EAGLE: A score of two strokes below par on any individual hole. Eagles are most commonly made on par-5s, where an eagle is a score of 3.

EVEN PAR: A score that matches par for a hole or for a round. If the par on a hole is 4 and you took 4 strokes, you are even for that hole. If par for a round is 72 and you took 72 strokes, you had an even-par round.

FACING: A grassy incline up out of a bunker in the direction of a green, so that it faces a player attempting to play out of the bunker toward or onto the green. The facing of a bunker is often sloped upward, sometimes to intimidating heights but usually just a couple feet, and will feature thicker rough to grab an errant shot.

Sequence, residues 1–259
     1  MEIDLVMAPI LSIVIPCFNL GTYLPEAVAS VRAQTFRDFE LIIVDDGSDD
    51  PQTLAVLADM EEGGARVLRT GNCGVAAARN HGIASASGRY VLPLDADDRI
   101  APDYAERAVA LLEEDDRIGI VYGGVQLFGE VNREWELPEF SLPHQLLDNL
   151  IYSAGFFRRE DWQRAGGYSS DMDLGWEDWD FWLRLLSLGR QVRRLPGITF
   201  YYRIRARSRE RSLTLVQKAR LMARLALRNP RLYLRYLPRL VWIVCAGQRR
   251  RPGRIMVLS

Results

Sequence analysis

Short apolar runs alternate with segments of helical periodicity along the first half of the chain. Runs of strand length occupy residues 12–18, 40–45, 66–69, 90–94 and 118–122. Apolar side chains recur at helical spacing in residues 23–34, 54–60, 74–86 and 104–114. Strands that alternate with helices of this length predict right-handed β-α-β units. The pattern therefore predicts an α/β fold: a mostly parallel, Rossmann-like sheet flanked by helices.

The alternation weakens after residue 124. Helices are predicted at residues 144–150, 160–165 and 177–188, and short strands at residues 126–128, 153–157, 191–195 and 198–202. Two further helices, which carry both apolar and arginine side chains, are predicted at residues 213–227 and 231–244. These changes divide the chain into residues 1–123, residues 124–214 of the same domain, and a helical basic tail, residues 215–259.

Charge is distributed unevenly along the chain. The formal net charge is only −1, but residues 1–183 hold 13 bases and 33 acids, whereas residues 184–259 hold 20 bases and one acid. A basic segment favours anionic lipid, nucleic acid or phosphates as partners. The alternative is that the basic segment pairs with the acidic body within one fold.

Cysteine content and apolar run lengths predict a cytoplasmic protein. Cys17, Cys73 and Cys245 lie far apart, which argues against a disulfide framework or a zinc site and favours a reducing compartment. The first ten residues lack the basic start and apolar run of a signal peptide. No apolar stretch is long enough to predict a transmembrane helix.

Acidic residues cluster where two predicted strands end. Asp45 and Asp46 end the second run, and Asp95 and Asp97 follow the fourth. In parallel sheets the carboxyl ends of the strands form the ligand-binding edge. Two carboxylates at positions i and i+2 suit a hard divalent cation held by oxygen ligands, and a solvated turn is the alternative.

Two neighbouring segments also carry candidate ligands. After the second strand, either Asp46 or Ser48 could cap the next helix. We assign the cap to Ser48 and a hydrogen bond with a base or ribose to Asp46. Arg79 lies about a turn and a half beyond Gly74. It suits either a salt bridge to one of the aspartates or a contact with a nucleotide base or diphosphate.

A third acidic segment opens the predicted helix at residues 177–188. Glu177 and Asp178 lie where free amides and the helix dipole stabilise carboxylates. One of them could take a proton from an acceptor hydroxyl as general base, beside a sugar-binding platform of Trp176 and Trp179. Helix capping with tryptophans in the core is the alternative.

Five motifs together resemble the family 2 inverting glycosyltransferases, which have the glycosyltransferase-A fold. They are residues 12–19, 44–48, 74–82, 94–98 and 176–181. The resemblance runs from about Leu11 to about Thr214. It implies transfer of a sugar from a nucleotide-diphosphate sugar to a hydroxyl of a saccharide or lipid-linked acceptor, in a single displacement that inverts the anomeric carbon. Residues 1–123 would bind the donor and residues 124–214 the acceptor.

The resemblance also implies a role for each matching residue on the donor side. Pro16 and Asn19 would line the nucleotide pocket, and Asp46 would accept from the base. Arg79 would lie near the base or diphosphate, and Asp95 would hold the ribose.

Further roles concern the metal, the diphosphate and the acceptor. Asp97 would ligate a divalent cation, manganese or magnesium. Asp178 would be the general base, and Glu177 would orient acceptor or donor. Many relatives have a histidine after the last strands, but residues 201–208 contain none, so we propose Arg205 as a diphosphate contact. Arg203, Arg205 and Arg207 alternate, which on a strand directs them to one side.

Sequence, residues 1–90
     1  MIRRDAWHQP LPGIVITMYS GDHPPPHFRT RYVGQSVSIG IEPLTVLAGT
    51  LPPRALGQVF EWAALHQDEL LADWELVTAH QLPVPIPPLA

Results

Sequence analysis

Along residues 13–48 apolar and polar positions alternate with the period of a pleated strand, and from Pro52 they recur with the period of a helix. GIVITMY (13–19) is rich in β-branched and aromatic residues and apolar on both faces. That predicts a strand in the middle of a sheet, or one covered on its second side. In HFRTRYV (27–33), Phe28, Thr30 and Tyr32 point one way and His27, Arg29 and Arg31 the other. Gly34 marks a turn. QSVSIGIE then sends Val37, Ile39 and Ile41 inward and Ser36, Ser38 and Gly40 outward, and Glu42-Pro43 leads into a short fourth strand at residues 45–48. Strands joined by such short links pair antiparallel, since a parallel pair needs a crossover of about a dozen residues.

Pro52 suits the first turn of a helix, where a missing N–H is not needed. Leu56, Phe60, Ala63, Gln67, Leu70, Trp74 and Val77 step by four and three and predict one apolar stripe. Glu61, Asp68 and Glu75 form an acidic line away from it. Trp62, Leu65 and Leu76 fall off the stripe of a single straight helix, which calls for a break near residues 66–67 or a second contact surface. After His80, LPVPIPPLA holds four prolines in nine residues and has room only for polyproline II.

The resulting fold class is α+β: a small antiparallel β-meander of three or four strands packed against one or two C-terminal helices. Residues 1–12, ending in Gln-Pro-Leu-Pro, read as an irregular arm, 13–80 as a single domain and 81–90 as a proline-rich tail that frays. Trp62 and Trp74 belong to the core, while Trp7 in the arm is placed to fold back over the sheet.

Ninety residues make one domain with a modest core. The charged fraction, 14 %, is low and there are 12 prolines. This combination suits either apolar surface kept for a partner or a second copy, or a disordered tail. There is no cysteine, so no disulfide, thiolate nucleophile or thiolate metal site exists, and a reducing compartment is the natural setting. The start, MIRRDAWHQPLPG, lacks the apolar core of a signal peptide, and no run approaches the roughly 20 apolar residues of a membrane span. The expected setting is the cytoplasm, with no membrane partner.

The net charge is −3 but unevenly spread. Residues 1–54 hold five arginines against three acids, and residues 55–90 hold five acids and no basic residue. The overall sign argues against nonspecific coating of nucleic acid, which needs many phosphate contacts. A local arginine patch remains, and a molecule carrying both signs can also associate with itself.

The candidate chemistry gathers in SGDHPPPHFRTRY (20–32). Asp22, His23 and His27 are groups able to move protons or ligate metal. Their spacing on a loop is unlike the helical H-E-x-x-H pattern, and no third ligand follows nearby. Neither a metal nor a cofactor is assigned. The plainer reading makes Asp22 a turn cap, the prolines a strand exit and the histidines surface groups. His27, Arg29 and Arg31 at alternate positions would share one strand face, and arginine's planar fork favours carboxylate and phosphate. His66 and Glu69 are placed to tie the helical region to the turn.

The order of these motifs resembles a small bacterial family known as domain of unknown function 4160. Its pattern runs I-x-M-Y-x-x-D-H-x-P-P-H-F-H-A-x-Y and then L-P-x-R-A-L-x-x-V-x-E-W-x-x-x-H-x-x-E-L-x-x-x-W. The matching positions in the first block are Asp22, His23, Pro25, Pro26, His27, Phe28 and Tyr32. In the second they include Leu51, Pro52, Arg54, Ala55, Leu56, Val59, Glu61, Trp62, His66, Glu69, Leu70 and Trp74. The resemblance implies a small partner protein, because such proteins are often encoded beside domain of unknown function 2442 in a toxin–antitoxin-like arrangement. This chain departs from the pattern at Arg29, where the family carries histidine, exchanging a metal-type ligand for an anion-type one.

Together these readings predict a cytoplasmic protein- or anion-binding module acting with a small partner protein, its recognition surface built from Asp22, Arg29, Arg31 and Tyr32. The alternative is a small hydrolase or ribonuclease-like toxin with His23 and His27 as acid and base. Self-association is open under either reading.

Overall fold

FAIRWAY: The fairway is the closely mown area that usually runs in between the tee box and green of a golf hole, and is the target for golfers on all holes other than par-3s (where you take aim at the green). Fairway grass is usually cut at a height from 3/8 of an inch to a half-inch.

FLIER: A "flier" is a shot that travels farther than intended, often causing the golfer to overshoot the target by a good amount.

Fliers are most common out of the rough and can be caused when grass is trapped between the ball and the clubface at the moment of impact.

GREEN: where the flagstick and cup are located and where a golfer will "putt out" to end the hole. Greens can vary widely in shape and size, but are most commonly oval or oblong in shape. They can site level with the fairway or be elevated above the fairway. They can be flat, sloped from one side to the other or contoured all around their surface